4 poblano peppers (or 2 poblanos and 2 green bell peppers)
1 large onion
4 cloves of garlic
2 46oz cans of tomato juice
1 cup of textured vegetable protein
1/2 cup bulgur
2 30oz cans of black beans, drained and rinsed
2 30oz cans of kidney beans, drained and rinsed
1 15oz can of kidney beans, drained and rinsed
4 1/2 tbsp cumin
1 tbsp chili powder
1/2 tbsp MSG
5 tbsp molasses
4 tbsp butter (or vegan alternative)
salt to taste
The first step is to remove the tough skin of the poblano peppers. If you’re lucky enough to live in a house with a gas stove, you can easily turn on a burner and char away, but I do not, and my broiler is weird and unreliable, so I just scorch them with a blow torch.
Once the skin is charred and blistered, immediately slip each pepper into a zip-lock bag and leave them to cool for 15 minutes or so. Afterwards, you should be able to rub the skin off with a clean paper towel.
I am not a big fan of chunks of peppers and onions, so I usually chop these ingredients into smithereens. If you don’t mind a chunky chili, you can make pretty quick work of chopping up the onion and peppers, but it takes me quite a while to get through it all. If I’m feeling lazy, I’ll only chop one poblano, a jalapeno, and half the onion. I put the rest of the onion and peppers into a blender with a little of the tomato juice and make a pepper puree. It takes a lot less time and adds a bit of body to the chili.
Heat a tbsp or so of oil in a large stockpot (I use a 16 qt) over medium heat. Add your chopped peppers and onion, and cook until they’re tender but not browned. Add the garlic, minced, and cook for another minute. Pour in the tomato juice (and pepper puree, if you’ve made some) and bring to a low boil.
While this is heating, prepare your tvp according to the package directions. If you want to keep it vegan, you can use vegetable stock, some of the tomato juice, or just plain old water to rehydrate it, but I often use chicken or beef stock for a little extra flavor.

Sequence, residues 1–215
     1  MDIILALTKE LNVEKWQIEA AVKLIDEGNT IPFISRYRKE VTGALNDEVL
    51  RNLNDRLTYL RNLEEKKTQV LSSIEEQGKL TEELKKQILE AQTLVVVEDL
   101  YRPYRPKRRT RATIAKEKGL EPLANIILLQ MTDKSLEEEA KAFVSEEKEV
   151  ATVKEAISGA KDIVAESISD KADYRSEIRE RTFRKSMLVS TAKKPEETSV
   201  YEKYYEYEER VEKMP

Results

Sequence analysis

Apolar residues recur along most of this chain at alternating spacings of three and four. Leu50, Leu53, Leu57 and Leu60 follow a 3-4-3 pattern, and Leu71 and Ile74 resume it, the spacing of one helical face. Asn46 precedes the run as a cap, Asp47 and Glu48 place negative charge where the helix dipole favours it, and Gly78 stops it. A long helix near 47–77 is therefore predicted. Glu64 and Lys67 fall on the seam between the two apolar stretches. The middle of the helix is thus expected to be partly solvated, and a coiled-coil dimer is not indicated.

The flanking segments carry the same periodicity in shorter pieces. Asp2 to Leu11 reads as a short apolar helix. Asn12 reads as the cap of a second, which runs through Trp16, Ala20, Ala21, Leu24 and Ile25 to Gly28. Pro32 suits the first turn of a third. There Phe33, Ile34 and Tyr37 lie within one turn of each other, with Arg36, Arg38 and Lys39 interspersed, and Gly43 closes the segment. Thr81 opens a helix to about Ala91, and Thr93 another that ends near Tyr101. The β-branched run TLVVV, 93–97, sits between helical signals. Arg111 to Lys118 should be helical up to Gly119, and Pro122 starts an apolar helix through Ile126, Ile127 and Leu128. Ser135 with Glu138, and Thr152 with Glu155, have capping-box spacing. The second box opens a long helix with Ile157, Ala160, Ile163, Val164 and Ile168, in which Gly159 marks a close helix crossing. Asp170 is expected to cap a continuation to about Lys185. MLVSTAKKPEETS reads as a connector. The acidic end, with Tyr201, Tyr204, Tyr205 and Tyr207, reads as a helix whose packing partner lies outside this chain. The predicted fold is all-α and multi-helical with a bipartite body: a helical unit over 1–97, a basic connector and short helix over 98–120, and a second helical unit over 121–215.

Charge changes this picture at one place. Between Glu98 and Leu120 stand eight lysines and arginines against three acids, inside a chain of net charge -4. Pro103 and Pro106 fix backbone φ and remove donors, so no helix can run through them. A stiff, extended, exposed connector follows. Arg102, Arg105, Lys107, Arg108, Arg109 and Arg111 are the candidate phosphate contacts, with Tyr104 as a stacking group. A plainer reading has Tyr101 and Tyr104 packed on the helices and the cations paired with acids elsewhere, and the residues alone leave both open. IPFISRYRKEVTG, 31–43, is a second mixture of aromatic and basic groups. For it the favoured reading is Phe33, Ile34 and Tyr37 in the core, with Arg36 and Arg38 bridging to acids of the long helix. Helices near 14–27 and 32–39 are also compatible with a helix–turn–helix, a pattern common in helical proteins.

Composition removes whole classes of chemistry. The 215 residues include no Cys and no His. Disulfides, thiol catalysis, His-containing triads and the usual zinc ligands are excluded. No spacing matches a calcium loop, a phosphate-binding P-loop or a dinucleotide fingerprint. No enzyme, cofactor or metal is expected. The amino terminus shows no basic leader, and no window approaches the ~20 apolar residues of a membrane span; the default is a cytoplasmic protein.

When the tomato juice starts bubbling, add the beans, bulgur, spices, butter, and molasses. Keep at a low boil, stirring occasionally, until the bulgur is fully cooked. Toss in the re-hydrated tvp and salt to taste.
A batch of this chili will easily serve a dozen hungry adults, and can be stretched even further if you serve it with a side of cornbread, or my favorite, spooned over a baked sweet potato and topped with a little monterey jack cheese. Because it can be made vegan, it’s perfect for serving to a group with a variety of dietary needs. I like to freeze individual servings and reheat them for a quick and hearty lunch.
Of course, this is a pretty basic recipe and is easily adaptable. Feel free to swap the poblanos or jalapenos for whatever peppers you fancy, and don’t feel limited to black and kidney beans. If it’s your thing, add in some chopped roasted tomatoes or some corn. My recipe is what I’d consider a medium-level of spiciness, but you can make it milder by leaving out a jalapeno or hotter by adding another (or cayenne pepper, to taste).
If you make a batch, let me know what you think!